This is a logarithmic chart of CO2’s IR spectrum.
It is worth reviewing that the earth emits radiation at a peak 9.8 to 10 microns, which is consistent with 18º C, or basically room temperature.
Taking a closer look at H2O’s IR spectrum reveals a much more potent GHG, absorbing the much higher-energy/shorter-wavelengths. This is the linear H2O spectrum.
This is H2O logarithmic IR Spectrum. H2O simply absorbs across the entire IR spectrum, with its main and densest peaks in the high-energy end. This is the IR signature of a very potent GHG.
This is a linear chart of H2O and CO2’s IR spectrum. The relevant peaks of CO2 are located at the low-energy end of the spectrum, and H2O is focused on the high-energy end of the IR spectrum.
This is a logarithmic chart of the H2O and CO2’s IR spectrum. The key point is that H2O largely overlaps all of CO2’s spectrum, so in the troposphere, if H2O is present, CO2’s contribution becomes irrelevant. With or without CO2, H2O will absorb the outgoing IR. CO2, however, does not overlap all of H2O’s spectrum, so the absorption at the high-energy end between 5 and 10 microns is dominated by H2O.
The consequence of H2O being the dominant GHG in the warmer IR range is that tropospheric atmospheric temperature is basically controlled by H2O. CO2 is basically irrelevant. That is why using ground based temperatures to measure the impact of CO2 is pure nonsense. Even doubling CO2 has no impact on the lower troposphere at all as these two MODTRAN charts demonstrate.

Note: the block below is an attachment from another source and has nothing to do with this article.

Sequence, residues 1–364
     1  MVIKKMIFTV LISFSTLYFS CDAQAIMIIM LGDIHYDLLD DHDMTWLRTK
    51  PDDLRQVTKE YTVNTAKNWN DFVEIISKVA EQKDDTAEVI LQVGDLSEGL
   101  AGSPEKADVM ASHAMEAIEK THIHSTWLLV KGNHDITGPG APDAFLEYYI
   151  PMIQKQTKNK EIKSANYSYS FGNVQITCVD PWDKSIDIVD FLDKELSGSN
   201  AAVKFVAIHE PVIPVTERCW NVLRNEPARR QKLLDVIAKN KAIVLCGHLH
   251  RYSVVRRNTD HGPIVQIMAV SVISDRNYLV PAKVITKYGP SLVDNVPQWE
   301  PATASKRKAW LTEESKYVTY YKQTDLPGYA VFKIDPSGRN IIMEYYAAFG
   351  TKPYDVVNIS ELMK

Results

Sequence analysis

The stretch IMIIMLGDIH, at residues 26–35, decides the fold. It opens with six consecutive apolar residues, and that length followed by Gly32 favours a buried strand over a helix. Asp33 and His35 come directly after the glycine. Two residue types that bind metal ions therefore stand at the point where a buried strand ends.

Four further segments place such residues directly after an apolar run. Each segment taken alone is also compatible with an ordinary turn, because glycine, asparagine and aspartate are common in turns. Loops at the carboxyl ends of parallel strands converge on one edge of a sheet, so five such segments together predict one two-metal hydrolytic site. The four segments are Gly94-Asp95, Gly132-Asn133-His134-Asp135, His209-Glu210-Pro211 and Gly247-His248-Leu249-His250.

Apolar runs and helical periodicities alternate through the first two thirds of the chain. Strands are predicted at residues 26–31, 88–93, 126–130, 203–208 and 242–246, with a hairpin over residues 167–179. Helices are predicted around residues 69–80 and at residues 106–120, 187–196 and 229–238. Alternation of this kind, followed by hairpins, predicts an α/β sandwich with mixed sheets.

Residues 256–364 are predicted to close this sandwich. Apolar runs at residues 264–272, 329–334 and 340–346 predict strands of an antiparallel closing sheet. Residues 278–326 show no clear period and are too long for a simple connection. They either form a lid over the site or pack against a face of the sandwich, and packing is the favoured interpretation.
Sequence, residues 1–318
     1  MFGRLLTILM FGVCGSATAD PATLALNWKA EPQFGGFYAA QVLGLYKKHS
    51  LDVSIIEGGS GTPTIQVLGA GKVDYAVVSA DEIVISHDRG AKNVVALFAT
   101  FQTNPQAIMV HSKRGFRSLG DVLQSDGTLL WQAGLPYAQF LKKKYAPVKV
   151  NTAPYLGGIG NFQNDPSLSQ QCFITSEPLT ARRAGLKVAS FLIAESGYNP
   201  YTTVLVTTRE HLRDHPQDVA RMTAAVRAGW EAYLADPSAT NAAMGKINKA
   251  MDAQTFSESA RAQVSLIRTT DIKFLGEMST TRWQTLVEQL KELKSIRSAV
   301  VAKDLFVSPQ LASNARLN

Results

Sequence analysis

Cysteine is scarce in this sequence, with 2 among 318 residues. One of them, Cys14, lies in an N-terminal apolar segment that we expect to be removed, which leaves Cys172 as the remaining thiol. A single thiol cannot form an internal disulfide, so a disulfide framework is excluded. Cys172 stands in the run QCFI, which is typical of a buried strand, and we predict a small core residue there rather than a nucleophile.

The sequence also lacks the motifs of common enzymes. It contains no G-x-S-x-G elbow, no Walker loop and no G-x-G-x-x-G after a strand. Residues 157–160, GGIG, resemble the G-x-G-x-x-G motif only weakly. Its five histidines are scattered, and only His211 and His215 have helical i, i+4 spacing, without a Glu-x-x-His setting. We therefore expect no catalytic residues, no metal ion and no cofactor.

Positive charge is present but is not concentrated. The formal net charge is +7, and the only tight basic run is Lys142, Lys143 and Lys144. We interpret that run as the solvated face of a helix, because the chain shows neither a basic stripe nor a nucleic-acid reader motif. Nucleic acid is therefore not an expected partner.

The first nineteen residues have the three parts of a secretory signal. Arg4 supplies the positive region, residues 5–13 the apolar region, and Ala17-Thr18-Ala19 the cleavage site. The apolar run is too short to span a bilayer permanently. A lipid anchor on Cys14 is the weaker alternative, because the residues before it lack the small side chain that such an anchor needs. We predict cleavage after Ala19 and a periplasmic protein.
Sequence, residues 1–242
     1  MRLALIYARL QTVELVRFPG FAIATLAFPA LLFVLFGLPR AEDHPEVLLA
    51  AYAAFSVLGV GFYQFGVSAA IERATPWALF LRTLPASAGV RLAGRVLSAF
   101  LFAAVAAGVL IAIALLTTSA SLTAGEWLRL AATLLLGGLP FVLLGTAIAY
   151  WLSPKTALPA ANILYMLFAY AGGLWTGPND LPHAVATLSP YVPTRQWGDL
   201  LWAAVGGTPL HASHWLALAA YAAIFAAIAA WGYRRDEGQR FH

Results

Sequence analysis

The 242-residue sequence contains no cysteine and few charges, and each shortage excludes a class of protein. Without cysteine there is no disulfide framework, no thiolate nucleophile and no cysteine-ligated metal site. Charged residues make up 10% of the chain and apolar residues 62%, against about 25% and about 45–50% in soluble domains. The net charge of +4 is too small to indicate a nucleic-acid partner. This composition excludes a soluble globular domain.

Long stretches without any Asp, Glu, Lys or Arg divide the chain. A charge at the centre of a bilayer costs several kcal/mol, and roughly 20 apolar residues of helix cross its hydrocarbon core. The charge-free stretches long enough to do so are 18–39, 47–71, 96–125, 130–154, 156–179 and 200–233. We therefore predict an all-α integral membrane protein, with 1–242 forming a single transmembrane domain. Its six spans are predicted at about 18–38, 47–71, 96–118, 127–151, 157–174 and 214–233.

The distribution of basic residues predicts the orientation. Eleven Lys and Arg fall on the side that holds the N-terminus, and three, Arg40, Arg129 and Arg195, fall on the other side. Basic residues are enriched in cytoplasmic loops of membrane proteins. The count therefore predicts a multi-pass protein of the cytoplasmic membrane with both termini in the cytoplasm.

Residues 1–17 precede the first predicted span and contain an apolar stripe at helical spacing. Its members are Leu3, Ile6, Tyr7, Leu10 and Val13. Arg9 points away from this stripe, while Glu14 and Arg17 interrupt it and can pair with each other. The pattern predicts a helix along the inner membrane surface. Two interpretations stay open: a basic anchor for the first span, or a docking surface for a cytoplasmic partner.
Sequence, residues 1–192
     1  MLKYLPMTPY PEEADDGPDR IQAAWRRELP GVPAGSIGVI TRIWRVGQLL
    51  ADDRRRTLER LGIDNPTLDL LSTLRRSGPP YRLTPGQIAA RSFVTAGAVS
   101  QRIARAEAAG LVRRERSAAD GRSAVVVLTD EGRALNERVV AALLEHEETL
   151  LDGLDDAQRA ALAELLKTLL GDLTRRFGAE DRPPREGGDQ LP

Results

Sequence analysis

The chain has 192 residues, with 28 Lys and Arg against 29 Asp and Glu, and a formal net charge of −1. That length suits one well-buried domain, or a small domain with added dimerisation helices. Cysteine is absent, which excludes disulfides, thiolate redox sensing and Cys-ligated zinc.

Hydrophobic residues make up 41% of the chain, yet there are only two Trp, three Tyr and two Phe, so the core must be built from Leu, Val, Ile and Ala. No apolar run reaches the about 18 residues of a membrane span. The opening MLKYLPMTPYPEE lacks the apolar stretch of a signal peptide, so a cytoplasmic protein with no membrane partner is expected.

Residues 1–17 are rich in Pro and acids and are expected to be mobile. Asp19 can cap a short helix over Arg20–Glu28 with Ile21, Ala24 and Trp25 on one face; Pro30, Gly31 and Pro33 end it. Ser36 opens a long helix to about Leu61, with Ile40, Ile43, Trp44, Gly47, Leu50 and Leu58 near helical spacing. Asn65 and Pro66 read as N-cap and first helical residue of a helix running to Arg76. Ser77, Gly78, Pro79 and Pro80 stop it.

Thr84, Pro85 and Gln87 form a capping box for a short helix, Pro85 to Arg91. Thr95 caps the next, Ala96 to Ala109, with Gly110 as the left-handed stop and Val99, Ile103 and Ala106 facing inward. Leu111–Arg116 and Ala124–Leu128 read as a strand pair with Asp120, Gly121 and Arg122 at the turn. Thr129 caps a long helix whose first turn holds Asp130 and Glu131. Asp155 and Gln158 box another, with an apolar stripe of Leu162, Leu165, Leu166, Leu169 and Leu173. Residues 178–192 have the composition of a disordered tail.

The other important physical property of CO2 is that it’s IR absorption isn’t linearly related to absorbed energy, it is logarithmically related. That is partially why doubling CO2 in the above graphics had no impact on the energy balance in the troposphere.
The result is that tropospheric atmospheric temperatures and tropospheric water vapor are almost indistinguishable. The same can not be said about CO2, which is a constant 400 ppm all the way up to 80 km.
One last chart defining the relevant physical properties of CO2, and it’s IR absorption spectrum. The oceans are warming. Ocean warming and atmospheric warming are often conflated, and the claim is that atmospheric CO2 is contributing to the warming of the oceans. In reality, visible light is warming the oceans, and the oceans are warming the atmosphere above it. IR between 13 and 18 microns simply doesn’t penetrate or warm water. Atmospheric CO2 can’t be the cause of the warming oceans.
The take home message is that CO2 is a weak GHG that has no permanent dipole, whose main absorption peak is in the cold/weak-energy end of the IR spectrum. If anything CO2 helps to act as a temperature floor for the globe, as it’s main contribution is to thermalize energy consistent with a blackbody temperature of -80º C (-50º C to -110º C). H2O, on the other hand, is a much more potent GHG that totally dominates the temperature of the troposphere. It all boils down to “can CO2, a weak non-dipolar GHG, affect catastrophic climate change through “bending” and the resulting absorption/radiation/thermalization of 15 micron IR (13 to 18 micron range). Once again, that is the only defined mechanism by which CO2 can execute the GHG effect, and affect climate change.